Ibn Rushd and Aristotle PhilosophyJune 27, 2021
Logic and epistemology Ibn Rushd is a staunch follower of Aristotle in logic. According to him, logic is a means of ascending from the knowledge of sensible particular beings to abstract truths.
There is a tendency and desire (enthusiasm) in man to rise from simple sensations and imaginary products to rational realities gradually. Although we are not given the knowledge of absolute truth, it is more pleasing that we are given the will and effort to reach it. This idea will later be repeated, in approximate terms, by the German thinker Lessing.
The knowing element of man is his soul called “nafs”. Animals acquire knowledge through senses and imagination, while humans acquire knowledge through reason. Thus, knowledge is gained either by the senses or by the mind; With the first of these, particular information is reached, and with the second, universal information is reached. According to Ibn Rushd, real knowledge is universal. Senses and imagination are mechanisms of the instinct of protection in animals, and animals use senses and dreams to defend themselves and ensure their safety; this is sufficient for their purpose. As for you, because he has a higher faculty of mind, he has the opportunity to reflect on his sensations and dreams. For this reason, the human soul is called “the thinking soul”.
Ibn Rushd warns that human knowledge should not be confused with divine knowledge. “For, he says, man perceives particular objects with the senses, and universal objects with the mind. For this reason, as the perceived thing changes, human perceptions (hence his knowledge) also change accordingly, and the multiplicity of objects means the multiplicity of perceptions. But God’s knowledge is not like ours. Because “our knowledge is formed by the effect of existing things; The knowledge of God, on the other hand, is not affected by them, as it is the cause of beings, on the contrary, it remains active. For the same reason, God’s knowledge is eternal, our knowledge is finite.
The action of the mind consists of perceiving universal concepts and essences. His act of knowing has three stages: abstraction (isolation), combination (composition), and splitting into judgment (judgment). When we perceive an object of knowledge, we isolate it from matter; then we combine it with our other perceptions; Finally, we make a right or wrong judgment about the object or event.
Although Ibn Rushd rightly stated that the theory of “birth” (water), which Farabi and Ibn Sina took from neoplatonist philosophy and attributed to Aristotle, had nothing to do with Aristotle, and thus corrected a very important historical mistake. He also believes in the celestial being called “Active (active) Intellect” and thought to be Gabriel by Islamic philosophers. According to this understanding, the function of our theoretical mind is to connect (push) with this mind. As a person develops mentally throughout his life, his relationship with the Active Mind becomes stronger. However, a mystical conclusion should not be drawn from this view of Ibn Rushd. Because in him, the connection with the Active Mind is the functioning and progress of the human mind in an epistemological field; Contrary to what is thought in Sufism, the human mind is constantly active in the act of knowledge; that is, he is not given information, on the contrary, he receives that information.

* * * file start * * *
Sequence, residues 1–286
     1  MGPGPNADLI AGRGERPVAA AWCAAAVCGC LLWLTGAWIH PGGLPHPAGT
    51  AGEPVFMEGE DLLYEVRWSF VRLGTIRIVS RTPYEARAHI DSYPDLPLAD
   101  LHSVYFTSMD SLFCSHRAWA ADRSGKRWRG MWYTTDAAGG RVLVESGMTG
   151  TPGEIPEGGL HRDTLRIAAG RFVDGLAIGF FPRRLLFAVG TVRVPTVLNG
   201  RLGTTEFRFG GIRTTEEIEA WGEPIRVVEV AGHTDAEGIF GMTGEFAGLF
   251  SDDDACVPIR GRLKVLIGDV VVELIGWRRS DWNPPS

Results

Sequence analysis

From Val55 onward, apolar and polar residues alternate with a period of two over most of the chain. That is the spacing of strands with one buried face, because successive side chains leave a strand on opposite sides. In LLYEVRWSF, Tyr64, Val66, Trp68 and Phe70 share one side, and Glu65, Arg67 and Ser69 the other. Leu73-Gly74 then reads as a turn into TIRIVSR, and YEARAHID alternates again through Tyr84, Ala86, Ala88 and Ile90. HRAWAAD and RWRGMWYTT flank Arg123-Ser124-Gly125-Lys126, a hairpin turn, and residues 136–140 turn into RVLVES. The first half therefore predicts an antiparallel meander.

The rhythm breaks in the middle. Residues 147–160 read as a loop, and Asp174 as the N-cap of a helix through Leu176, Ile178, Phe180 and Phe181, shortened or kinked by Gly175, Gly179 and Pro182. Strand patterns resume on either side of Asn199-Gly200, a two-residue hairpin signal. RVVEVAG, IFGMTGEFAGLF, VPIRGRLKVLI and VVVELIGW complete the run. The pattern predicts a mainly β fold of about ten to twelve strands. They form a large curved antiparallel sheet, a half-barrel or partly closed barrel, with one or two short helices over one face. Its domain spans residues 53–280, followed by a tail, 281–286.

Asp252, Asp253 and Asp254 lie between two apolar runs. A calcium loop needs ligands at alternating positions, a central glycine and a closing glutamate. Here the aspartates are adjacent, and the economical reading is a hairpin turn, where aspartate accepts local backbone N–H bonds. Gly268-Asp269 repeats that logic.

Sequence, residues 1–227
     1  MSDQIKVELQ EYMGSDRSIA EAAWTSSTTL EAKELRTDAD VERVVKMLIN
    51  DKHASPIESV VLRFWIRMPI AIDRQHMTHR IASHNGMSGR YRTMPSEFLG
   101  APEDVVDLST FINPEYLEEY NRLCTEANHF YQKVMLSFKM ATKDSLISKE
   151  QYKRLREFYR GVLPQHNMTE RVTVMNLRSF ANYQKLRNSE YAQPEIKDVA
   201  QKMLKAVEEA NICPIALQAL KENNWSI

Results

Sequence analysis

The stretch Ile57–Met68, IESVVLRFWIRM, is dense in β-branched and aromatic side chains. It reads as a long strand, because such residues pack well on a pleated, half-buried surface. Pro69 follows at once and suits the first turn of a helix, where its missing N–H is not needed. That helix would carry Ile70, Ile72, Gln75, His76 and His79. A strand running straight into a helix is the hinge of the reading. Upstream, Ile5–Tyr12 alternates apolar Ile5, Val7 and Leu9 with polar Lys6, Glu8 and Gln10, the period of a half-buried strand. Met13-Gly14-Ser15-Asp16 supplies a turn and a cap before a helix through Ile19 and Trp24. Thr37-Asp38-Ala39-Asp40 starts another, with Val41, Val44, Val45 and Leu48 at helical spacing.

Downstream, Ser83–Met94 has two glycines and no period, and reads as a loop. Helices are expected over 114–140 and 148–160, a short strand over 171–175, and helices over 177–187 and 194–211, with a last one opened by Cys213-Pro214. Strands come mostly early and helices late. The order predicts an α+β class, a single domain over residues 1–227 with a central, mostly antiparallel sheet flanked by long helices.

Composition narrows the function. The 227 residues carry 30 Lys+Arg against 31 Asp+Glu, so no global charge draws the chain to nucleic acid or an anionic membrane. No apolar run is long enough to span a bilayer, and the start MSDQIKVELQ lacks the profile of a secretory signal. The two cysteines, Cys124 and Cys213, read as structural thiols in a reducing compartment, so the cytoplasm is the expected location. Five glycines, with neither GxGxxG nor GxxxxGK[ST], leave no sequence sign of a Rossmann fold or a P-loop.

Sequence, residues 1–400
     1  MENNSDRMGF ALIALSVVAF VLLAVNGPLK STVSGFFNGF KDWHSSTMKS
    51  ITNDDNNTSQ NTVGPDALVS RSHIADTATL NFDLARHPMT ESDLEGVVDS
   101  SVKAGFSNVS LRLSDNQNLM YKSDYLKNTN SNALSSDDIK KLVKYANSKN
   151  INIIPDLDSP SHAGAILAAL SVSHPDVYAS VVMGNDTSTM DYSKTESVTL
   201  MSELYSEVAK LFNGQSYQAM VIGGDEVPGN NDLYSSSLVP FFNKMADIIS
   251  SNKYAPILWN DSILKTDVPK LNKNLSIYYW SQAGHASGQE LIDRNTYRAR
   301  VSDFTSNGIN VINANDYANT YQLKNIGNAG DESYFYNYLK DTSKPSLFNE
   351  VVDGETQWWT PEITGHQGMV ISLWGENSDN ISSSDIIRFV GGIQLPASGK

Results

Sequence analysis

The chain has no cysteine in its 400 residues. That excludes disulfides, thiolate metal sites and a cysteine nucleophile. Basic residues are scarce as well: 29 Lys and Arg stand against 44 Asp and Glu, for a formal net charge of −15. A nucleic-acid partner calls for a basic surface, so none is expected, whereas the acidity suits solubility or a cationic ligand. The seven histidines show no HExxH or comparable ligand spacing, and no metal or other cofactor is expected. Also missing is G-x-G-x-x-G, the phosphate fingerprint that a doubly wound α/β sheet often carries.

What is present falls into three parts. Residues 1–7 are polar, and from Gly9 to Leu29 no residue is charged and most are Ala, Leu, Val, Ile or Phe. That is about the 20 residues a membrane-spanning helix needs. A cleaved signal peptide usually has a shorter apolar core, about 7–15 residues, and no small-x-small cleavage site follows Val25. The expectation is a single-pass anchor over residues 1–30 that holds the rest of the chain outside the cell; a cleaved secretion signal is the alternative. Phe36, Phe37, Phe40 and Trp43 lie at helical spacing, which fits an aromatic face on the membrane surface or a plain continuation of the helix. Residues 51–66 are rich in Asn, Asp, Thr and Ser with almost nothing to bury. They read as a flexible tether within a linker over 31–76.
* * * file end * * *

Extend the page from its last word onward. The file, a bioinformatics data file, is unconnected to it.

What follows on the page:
Ibn Rushd, stronger and more determined than all Islamic thinkers, believes that the real existence of people is related to the development of their scientific level. In particular, Gazali’s counter-criticism of Philosophers’ Inconsistencies, (Tehâfütü’l-Felâsife), in his book Inconsistency of Inconsistency, “denies the existence of fundamental causes observed in sensible objects”, opposing Gazali’s view that rejects the necessity of natural laws. is fallacy; The person who denies these (Ghazali) is either denying what he has in mind with his tongue (he wants to say that Ghazali is acting hypocritically) or he is caught in a suspicion that is nothing but a fallacy.”
However, it should be noted that while Ghazali argued that the laws of nature were not necessary, he did not really want to deny them; he only said that the necessity of these laws did not arise from cause and effect, but from the will of God. Nevertheless, Ibn Rushd’s thought is of great importance in terms of emphasizing trust in science. Clearly, mental understanding is nothing but perceiving facts and objects with their causes, and with this function, reason separates itself from other perception abilities. Then, whoever denies causes, denies reason”, he was expressing the universal principle and fundamental basis of science.
However, in the face of al-Ghazali’s mystical charisma, which led to his misinterpretation, such rational and scholarly explanations of Ibn Rushd did not find an echo at the eastern end of the Mediterranean. However, these thoughts, mostly through Jewish translators, shed an intense light on those who pioneered the establishment of a new world based on reason and science by being institutionalized under the name of «Averroisme» (Averroisme) in the west of the Mediterranean, beyond the Pyrenees. As a matter of fact, in the XVIII. In the 19th century, 15 of Ibn Rushd’s 38 books had been translated from Arabic to Latin. against this